As you may know, most any book that you borrow or buy has an International Standard Book Number, otherwise known as an ISBN or ISBN-10, “a 10-digit number that uniquely identifies books and book-like products published internationally.” Books published since 2007 might also have an ISBN-13, a 13-digit number with a similar purpose, but never mind those.
It turns out that the last of an ISBN-10’s digits is a “check digit,” otherwise known (in binary contexts) as a “checksum,” a number related mathematically to its preceding digits. ISBN-10s’ digits are supposed to adhere to a formula, not unlike credit card numbers, and this check digit allows you to check whether an ISBN-10’s other nine digits are (most likely) valid without having to check, say, a database of books.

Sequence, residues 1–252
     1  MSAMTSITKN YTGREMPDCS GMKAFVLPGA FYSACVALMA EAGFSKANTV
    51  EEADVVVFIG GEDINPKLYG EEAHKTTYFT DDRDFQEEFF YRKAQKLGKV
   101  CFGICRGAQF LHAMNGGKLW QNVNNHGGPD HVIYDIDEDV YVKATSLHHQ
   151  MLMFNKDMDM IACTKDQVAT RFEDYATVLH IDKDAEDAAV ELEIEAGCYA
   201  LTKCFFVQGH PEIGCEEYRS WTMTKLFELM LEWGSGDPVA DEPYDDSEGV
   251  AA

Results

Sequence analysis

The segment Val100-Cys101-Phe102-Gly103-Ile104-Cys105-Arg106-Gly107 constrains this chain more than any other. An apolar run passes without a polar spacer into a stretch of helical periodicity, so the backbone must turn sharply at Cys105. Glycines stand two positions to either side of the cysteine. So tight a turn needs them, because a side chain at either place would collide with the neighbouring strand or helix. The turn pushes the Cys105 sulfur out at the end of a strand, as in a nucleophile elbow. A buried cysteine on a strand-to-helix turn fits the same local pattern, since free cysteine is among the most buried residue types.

You are going to create a program named isbn.c which prompts for a user to input an ISBN number, and which will respond YES or NO depending whether or not it is a valid number.
When you are finished, make sure to visit the new page below, how to submit.
Program Spec Problem 1-7: ISBN